A Tech alumnus whom helped create the modern stealth bomber and researched technology to keep airplanes and cars from crashing is this semester’s commencement ceremony speaker.Allen Atkins is speaking at commencement Dec. 18 in the Hooper Eblen Center.
While at Tech, Atkins served and provided leadership on the Industrial Advisory Board and the Dean’s Advisory Board. He helped the College of Engineering create a blueprint to enhance research and scholarly activities. Atkins was one of the first two graduates awarded doctoral degrees in engineering at Tech.
Atkins received his undergraduate degree in electrical engineering in 1970, his masters in systems engineering in 1971 and his doctorate in engineering in 1975. He served in the United States Air Force from 1973 to 1980.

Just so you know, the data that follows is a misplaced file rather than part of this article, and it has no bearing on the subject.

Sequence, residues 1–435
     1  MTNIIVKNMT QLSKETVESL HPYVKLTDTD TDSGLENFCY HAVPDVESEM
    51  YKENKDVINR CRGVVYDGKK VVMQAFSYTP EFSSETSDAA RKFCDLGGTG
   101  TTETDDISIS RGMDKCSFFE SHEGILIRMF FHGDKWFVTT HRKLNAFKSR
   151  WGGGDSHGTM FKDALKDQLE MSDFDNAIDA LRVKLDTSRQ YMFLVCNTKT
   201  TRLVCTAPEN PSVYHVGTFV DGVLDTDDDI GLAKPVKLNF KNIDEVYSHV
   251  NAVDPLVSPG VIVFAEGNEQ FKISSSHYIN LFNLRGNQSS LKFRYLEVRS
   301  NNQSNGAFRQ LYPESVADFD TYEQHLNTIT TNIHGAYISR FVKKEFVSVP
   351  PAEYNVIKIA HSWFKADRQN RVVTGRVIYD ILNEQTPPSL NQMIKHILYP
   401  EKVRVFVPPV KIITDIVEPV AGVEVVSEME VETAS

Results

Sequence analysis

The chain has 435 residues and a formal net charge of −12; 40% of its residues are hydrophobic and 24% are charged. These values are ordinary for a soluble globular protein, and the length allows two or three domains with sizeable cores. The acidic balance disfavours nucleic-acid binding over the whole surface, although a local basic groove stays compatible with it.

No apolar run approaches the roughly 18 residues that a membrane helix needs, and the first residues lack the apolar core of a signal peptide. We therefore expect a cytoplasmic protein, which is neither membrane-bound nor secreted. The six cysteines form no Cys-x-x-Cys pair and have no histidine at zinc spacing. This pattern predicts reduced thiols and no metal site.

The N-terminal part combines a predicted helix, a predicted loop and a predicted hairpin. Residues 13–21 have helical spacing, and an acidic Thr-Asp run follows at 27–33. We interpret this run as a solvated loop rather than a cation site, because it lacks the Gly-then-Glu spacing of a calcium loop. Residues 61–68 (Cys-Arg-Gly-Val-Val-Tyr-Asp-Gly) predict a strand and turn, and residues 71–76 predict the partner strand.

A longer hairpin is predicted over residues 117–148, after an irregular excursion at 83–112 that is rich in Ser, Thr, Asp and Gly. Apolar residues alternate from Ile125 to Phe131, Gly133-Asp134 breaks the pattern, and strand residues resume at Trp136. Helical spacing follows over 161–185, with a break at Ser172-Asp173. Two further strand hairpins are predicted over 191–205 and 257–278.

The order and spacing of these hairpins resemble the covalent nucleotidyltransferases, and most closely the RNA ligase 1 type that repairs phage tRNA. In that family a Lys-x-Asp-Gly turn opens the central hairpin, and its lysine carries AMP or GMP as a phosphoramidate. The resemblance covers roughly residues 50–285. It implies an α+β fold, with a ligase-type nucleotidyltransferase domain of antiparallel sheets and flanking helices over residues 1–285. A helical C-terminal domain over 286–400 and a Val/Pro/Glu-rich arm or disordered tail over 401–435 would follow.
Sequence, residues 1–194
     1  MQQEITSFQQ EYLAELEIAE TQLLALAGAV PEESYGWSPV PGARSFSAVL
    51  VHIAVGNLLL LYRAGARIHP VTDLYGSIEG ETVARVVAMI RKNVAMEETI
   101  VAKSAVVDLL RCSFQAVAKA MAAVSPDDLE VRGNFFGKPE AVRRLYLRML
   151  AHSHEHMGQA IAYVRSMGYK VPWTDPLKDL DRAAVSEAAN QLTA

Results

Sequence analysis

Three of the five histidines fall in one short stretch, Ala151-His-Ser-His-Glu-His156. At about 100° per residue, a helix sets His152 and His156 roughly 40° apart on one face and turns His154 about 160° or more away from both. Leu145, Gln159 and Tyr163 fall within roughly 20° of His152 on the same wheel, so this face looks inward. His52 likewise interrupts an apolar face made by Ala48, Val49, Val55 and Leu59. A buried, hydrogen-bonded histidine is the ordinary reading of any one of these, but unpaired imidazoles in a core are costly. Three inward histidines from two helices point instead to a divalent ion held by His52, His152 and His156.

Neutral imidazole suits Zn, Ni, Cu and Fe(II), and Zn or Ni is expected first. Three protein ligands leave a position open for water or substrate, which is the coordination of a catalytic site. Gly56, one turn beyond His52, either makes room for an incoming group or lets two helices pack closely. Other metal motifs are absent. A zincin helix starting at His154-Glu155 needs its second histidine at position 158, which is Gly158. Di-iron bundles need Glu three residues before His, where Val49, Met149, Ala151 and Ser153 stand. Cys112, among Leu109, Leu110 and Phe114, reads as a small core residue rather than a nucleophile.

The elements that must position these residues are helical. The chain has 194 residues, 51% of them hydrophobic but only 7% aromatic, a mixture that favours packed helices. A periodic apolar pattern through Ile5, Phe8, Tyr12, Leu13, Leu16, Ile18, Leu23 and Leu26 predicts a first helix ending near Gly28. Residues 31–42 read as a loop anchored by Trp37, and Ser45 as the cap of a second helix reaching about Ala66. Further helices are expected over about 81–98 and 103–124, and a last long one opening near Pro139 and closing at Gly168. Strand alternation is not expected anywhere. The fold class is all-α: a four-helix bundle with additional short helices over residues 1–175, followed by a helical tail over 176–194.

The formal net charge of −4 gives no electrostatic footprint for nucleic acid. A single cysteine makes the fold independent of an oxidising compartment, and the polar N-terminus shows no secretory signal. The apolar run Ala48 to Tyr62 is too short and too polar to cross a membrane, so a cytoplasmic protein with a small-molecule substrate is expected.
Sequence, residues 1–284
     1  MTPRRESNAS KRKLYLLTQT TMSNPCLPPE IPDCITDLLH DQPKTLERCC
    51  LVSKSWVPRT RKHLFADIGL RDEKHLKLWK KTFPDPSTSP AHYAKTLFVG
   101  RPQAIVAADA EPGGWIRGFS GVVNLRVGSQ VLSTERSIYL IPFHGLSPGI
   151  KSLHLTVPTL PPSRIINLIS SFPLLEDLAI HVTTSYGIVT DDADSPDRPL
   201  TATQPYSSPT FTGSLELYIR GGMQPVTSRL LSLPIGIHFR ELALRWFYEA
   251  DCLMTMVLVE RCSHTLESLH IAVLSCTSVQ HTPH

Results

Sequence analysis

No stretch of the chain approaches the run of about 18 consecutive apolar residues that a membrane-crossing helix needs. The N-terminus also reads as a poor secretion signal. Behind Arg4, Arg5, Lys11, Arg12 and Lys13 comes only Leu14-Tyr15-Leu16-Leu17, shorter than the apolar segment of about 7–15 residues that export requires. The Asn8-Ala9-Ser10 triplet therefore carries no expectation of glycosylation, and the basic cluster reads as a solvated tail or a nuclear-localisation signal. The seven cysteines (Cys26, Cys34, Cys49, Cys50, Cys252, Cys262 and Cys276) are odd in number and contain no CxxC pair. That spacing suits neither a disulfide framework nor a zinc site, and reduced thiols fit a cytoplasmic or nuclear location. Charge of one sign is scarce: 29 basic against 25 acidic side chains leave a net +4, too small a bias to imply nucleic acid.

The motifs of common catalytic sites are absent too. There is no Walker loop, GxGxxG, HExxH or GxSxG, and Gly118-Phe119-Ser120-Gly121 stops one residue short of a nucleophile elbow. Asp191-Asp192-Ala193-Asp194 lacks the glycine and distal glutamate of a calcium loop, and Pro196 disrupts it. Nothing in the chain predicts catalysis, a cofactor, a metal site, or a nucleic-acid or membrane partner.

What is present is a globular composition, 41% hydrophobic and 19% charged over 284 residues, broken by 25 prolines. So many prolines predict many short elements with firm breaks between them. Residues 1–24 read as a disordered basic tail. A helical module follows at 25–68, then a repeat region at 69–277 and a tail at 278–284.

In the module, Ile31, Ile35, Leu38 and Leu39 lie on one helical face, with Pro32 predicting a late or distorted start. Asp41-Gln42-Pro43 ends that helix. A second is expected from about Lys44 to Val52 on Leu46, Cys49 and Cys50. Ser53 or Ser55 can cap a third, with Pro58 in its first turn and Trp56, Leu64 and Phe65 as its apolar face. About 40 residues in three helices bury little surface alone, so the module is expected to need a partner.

It was Atkins’ technical leadership that brought about the success of the country’s stealth programs. Atkins spearheaded the development of Mini-Remotely Piloted Vehicles (RPVs). He helped develop an electric version, a solar powered RPV and a truly stealthy model.
Success of these models of aircraft led to the eventual development of the F-117 Stealth Fighter.
In 1990, Atkins became the vice president and general manager of McDonnell Douglas Technology Inc., a company which specialized in making things “invisible.